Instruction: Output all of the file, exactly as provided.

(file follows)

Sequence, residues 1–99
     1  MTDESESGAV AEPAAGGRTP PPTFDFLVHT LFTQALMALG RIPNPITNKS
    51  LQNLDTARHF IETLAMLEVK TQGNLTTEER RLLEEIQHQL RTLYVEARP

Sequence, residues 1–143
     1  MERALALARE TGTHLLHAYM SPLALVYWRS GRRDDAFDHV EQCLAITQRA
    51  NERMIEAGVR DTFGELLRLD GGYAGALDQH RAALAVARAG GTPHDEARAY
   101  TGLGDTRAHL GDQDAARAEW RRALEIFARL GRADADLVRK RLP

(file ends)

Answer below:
Sequence, residues 1–99
     1  MTDESESGAV AEPAAGGRTP PPTFDFLVHT LFTQALMALG RIPNPITNKS
    51  LQNLDTARHF IETLAMLEVK TQGNLTTEER RLLEEIQHQL RTLYVEARP

Sequence, residues 1–143
     1  MERALALARE TGTHLLHAYM SPLALVYWRS GRRDDAFDHV EQCLAITQRA
    51  NERMIEAGVR DTFGELLRLD GGYAGALDQH RAALAVARAG GTPHDEARAY
   101  TGLGDTRAHL GDQDAARAEW RRALEIFARL GRADADLVRK RLP